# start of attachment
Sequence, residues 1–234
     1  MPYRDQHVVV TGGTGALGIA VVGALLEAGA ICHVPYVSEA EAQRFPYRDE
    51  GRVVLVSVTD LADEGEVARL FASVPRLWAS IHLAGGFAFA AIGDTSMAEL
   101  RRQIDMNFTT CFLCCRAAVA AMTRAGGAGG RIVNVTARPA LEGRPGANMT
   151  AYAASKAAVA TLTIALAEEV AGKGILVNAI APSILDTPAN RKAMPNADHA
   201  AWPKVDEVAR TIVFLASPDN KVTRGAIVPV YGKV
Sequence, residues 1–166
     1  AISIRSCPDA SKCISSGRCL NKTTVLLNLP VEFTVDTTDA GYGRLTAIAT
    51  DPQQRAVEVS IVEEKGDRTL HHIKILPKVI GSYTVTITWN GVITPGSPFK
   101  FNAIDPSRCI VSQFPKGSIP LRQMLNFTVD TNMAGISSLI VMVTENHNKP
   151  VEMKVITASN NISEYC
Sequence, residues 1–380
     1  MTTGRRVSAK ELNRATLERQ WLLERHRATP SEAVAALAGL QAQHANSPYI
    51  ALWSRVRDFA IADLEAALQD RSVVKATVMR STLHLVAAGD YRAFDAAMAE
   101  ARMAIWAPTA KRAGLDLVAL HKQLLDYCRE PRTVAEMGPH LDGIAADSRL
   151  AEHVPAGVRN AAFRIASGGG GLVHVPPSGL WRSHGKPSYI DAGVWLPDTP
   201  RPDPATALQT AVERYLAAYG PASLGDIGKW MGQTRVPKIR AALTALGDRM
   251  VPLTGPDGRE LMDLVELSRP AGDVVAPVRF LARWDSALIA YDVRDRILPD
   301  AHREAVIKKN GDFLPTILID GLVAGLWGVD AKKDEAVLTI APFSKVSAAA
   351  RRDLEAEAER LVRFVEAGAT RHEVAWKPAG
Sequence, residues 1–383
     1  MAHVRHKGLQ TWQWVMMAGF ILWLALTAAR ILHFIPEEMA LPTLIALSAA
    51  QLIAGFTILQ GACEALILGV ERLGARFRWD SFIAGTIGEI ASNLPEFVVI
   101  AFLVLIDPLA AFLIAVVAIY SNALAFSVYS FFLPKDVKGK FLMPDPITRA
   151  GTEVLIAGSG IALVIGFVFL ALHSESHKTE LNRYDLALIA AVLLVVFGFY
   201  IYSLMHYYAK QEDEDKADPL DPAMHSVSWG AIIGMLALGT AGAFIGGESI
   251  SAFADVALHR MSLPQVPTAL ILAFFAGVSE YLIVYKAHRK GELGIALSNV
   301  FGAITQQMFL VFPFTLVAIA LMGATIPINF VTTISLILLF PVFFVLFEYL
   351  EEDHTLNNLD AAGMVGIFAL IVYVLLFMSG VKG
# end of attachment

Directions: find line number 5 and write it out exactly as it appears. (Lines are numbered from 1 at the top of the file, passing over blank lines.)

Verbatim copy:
   151  AYAASKAAVA TLTIALAEEV AGKGILVNAI APSILDTPAN RKAMPNADHA